You can create a CloudWatch alarm that monitors CloudWatch metrics for one of your instances. CloudWatch will automatically send you a notification when the metric reaches a threshold you specify. You can create a CloudWatch alarm using the Amazon EC2 console, or using the more advanced options provided by the CloudWatch console.

    To create an alarm using the CloudWatch console

    For examples, see Creating Amazon CloudWatch Alarms in the Amazon CloudWatch User Guide.

    You can edit your CloudWatch alarm settings from the Amazon EC2 console or the CloudWatch console. If you want to delete your alarm, you can do so from the CloudWatch console. For more information, see Editing or Deleting a CloudWatch Alarm in the Amazon CloudWatch User Guide.

    Document Conventions

    Graph metrics

    Create alarms that stop, terminate, reboot, or recover an instance

    Sours: https://docs.aws.amazon.com/AWSEC2/latest/UserGuide/using-cloudwatch-createalarm.html

    Alarms aws cloudwatch

    Why did my CloudWatch alarm trigger when its metric doesn't have any breaching data points?

    My Amazon CloudWatch alarm changed to the ALARM state. When I check the alarm metric, I don't see any breaching data points. However, the event history for the alarm shows the breaching data point. Why did my CloudWatch alarm trigger when its metric doesn't have any breaching data points?

    Short description

    CloudWatch alarms evaluate metrics based on data points available at a specific moment. Each subsequent alarm evaluation might use different aggregated data points because new values continue to flow into the CloudWatch metric. You might be unable to see a breaching data point that triggered your alarm if that data hasn't flowed into the metric yet. When you review the event history later, you can see the complete set of data points, which have now flowed into the metric.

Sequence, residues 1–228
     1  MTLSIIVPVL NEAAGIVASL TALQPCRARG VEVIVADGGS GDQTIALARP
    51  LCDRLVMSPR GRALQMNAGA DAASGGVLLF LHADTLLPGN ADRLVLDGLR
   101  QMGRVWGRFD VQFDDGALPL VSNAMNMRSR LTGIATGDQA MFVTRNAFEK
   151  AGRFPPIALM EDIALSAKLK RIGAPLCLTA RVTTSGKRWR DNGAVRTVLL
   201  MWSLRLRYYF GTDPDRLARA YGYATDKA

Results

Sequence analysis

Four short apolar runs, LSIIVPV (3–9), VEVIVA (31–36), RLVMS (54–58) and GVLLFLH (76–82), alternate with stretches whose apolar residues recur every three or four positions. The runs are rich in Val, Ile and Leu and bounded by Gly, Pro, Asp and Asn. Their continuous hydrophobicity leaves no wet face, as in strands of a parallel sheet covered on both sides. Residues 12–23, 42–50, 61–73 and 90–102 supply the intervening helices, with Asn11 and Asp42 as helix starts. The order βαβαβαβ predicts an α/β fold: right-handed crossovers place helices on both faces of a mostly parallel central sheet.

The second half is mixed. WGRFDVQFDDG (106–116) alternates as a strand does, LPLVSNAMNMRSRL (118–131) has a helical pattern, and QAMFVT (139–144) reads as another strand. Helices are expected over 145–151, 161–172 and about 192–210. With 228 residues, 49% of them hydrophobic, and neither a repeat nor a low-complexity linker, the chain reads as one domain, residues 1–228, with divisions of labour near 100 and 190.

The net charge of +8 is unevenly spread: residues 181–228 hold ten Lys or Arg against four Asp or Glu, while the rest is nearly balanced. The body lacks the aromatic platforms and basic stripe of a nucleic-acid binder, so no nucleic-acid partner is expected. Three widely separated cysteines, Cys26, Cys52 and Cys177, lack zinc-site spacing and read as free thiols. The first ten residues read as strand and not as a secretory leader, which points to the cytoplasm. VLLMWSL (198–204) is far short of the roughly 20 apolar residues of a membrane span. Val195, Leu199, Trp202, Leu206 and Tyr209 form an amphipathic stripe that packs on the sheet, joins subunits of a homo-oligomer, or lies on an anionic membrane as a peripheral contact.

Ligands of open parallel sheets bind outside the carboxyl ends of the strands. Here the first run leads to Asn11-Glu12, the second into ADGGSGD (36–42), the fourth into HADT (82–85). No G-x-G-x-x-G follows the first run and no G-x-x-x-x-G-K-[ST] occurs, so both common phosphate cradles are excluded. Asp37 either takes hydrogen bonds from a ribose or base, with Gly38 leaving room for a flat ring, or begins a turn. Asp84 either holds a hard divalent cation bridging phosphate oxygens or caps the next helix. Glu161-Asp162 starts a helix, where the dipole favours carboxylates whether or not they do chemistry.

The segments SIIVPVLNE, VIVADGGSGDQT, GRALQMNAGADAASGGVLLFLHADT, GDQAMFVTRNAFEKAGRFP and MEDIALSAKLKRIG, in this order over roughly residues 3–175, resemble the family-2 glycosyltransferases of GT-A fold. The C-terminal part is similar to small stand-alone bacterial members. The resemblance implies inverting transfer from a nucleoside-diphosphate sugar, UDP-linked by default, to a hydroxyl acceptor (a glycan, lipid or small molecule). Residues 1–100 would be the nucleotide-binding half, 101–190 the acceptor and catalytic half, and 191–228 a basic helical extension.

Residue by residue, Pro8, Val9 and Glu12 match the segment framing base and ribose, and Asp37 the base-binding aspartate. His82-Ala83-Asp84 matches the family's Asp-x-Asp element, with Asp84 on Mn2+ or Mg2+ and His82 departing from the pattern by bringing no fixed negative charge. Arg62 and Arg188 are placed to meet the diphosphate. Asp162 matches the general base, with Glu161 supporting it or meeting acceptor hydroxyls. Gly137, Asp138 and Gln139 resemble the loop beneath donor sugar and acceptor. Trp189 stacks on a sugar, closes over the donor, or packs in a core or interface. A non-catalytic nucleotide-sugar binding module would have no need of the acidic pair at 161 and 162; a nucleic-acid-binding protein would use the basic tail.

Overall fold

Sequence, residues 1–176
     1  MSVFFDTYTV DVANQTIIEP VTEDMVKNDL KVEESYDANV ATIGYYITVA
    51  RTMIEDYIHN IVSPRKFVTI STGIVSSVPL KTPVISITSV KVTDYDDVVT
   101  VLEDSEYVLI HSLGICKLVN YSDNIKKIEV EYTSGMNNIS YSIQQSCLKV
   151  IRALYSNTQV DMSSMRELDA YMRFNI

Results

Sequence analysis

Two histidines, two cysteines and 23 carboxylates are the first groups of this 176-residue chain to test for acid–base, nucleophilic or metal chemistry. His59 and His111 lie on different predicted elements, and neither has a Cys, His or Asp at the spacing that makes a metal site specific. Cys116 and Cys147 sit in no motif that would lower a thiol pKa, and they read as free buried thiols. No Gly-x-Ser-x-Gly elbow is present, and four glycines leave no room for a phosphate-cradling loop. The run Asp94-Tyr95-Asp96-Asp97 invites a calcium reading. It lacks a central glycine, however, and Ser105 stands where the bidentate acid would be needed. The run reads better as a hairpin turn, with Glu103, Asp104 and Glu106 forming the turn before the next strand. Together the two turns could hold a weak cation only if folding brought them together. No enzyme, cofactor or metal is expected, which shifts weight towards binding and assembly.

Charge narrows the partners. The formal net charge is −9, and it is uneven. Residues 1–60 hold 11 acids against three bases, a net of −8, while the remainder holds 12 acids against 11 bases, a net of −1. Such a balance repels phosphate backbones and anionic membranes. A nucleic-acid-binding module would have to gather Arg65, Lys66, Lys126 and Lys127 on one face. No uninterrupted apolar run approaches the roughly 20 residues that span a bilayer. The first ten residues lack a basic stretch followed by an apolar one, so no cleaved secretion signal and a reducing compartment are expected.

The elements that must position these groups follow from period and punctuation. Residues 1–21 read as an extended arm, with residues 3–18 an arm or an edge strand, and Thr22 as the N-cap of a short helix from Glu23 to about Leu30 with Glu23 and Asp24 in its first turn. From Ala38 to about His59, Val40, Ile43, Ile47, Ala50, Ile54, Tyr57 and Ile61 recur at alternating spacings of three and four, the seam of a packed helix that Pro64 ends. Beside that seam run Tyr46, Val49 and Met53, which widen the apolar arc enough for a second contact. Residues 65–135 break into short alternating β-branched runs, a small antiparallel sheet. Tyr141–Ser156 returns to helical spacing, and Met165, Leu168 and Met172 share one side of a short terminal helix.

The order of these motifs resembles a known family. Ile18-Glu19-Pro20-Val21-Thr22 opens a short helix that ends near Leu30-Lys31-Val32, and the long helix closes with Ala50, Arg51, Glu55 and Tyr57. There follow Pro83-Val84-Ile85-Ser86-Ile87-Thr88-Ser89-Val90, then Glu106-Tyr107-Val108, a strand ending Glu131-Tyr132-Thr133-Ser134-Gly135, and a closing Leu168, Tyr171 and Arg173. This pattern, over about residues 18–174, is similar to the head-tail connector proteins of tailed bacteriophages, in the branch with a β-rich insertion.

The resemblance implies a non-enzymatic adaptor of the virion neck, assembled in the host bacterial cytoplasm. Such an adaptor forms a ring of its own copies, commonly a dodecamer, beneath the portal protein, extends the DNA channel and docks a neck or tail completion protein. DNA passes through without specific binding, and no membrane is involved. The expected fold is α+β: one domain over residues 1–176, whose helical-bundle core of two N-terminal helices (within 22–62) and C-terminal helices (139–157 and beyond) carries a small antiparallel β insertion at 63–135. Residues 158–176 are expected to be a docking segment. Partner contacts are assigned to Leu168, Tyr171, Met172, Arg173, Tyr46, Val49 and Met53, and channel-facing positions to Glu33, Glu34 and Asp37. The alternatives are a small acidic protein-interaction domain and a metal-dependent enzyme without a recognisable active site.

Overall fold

Resolution

    Find a breaching data point

    To find a breaching data point in your CloudWatch alarm metric's graph, change the Statistic to Maximum/Minimum.

    Example alarm configuration:

    • Standard resolution alarm (evaluates the metric every minute)
    • Metric is CPUUtilization
    • Threshold is 65%
    • Statistic is Average
    • Period is 60 seconds
    • Evaluation Period is 1
    • Detailed Monitoring is enabled for the monitored Amazon Elastic Compute Cloud (Amazon EC2) instance

    When the example alarm evaluation period 12:00:00 - 12:01:00 UTC starts, the following values were received by the metric:

    The average of those values is 66.934, which breaches the threshold of 65%. This breach triggers a change to the ALARM state. The alarm's event history lists the aggregated values exceeding the threshold as the reason for the state change.

    When the alarm is evaluated again later, additional values have flowed in for the minute 12:00:00 - 12:01:00 UTC. For example:

    The average including the new values is 48.864, which doesn't breach the threshold of 65%. The alarm now changes to the OK state. The alarm's event history lists the aggregated values being below the threshold as the reason for the state change.

    You might not see the breaching data point in your CloudWatch metric's graph now, even though the alarm triggered. If you view the CPUUtilization metric's graph, the Average is listed as 48.864 (not 66.934). All relevant samples for evaluation have now flowed into the metric.

    If you change the CloudWatch metric graph's Statistic to Maximum, you can see the breaching data point 95.473 at 12:00:00 UTC.

    Note: If your alarm is configured to trigger when data falls below the threshold, change the CloudWatch metric graph's Statistic to Minimum.

    Configure an "M out of N" alarm

    To prevent an alarm from changing to the ALARM state, configure an "M out of N" alarm where Evaluation Period and Datapoints to Alarm have different values. This configuration makes alarms evaluate more aggregated data points and changes the alarm state only if at least a certain number of data points (M) is breaching in a given set of data points (N). For more information, see Create a CloudWatch alarm based on a static threshold and Configuring how CloudWatch alarms treat missing data.